Phonetic lookup based input method (Shabdalipi) and continuous phonetic input method are available for all Indic languages which are supported in the UTF-8 locale. The input methods and virtual keyboards allow you to enter Indic text in all of the CDE applications.
The following data flow illustrates the workings of the Indic input process.
Click the input status area to display the input method selection menu.
Select an input method from the menu.
Alternatively, you can press the F6 key to select from among the available input methods.
You can also type the Compose-hi key sequence to select the input method that you used previously.
Press the F5 key to select the Indic script you want to use.
For the keyboard-based (indic INSCRIPT keyboard) input method, use the keyboard images shown in Indic Keyboards.
For the phonetic lookup-based input method, type the first English phonetic equivalent character corresponding to the character in the target script.
Select from a list of choices displayed in the lookup window.
For the continuous phonetic input method, type in English phonetic equivalents continuously.
The corresponding characters in the target script are displayed in the preedit and will be committed when subsequent input makes the preedit text unambiguous or by an explicit commit. Refer to figures given in Mapping for the Continuous Phonetic Based Input Method for illustrations of the mapping from the English tokens to the UTF-8 codepoints of the target script for the continuous phonetic input method.
Press Control-spacebar to switch back to English/European input mode.
Alternatively, click in the status area to select the English/European input mode from the input mode selection window.
The images in Mapping for the Continuous Phonetic Based Input Method show the mappings between English tokens and their equivalent codepoints in each of the target scripts supported. The CONSONANT category means the mapping is between the English tokens and consonants of the script. The VOWEL category means that mapping from English tokens and vowels of the script. The OTHER category includes mapping of characters that do not exhibit the properties of consonants and vowels (whose form does not change depending on the surrounding character).
The keywords CONSONANT, VOWEL and OTHER also mean that these characters are part of Unicode standard. The section SPECIAL CONSONANT, SPECIAL VOWEL or SPECIAL OTHER means that though in principle these characters display the properties of consonants, vowels or others they are not officially part of the Unicode standard and are font dependent. They are assigned codepoint values in Unicode Private User Area. They are supported in Oracle Solaris UTF-8 locales and the mapping may not work in a different platform.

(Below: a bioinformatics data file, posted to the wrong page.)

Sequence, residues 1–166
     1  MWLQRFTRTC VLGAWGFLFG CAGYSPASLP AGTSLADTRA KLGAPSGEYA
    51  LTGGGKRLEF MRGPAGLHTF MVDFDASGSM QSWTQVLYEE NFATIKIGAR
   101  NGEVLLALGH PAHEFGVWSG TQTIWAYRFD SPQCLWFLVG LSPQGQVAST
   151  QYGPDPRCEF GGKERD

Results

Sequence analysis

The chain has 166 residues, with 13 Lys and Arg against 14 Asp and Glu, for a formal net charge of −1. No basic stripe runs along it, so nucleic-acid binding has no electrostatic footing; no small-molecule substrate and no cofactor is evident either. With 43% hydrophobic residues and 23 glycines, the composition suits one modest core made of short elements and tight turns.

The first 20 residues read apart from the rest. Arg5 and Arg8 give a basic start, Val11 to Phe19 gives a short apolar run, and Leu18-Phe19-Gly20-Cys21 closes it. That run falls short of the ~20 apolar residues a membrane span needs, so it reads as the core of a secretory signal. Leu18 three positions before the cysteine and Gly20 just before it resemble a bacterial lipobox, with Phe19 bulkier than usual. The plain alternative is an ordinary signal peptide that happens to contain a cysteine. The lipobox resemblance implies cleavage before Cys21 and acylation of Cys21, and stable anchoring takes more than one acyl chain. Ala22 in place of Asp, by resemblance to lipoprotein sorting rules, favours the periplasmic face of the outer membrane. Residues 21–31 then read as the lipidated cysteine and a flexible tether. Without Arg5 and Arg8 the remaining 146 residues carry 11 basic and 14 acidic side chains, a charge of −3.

These mapfiles are not the same as the ones in your system, but slightly edited ones for removing unneeded keywords for the context of this discussion.
In the VOWELS and SPECIAL VOWELS section, an independent form and a dependent form is displayed for the same English token depending on the context. See How the Continuous Phonetic Input Method Works.
The Malayalam script contains a special ‘CHILLU’ section, that is actually the SPECIAL OTHER category.
The following figures show the existing mappings from English to the phonetic equivalent characters in the target Indic scripts. Use these illustrations as a reference until you know all the mappings for the script that you use. Mappings given here are intuitive, so you should be able to input most of the characters without looking up the illustration.
In these mappings, special characters such as ‘.’ and ‘|’ included as part of the mapping are escaped with a ‘\’ character. If not escaped, the ‘|’ character acts as a separator when more than one token represents the same UTF-8 character.
For each Indic script, a ‘virama’ or equivalent sign combined with a consonant gives the half form (or ready to combine form) of the consonant. Whenever a multiple key combination corresponding to a consonant is typed, the consonant + virama form is output, symbolizing that the characters are ready to combine.
Consonants, at initial input, will assume their half form and will be a full syllable or their variation when followed by a vowel.
Two consecutive consonants remain as the ready to combine half forms. Half forms can be converted by the layout engine as a single combined character or can remain as those independent forms that are also syntactically valid for every language.
Any vowel that forms the beginning of a word or is followed by another vowel appears in independent form. A vowel that immediately follows a consonant assumes dependent forms.
Characters that do not change shapes in any context are called others. These characters are neither consonants nor vowels.
Digits and other punctuation marks that do not form a part of a character are mapped one to one.
Using these principles, a parser is written that will parse the input into these different categories and output the language-specific Unicode codepoints. The continuous phonetic input method engine does not deal with layout or rendering, which will be done by other modules in the system.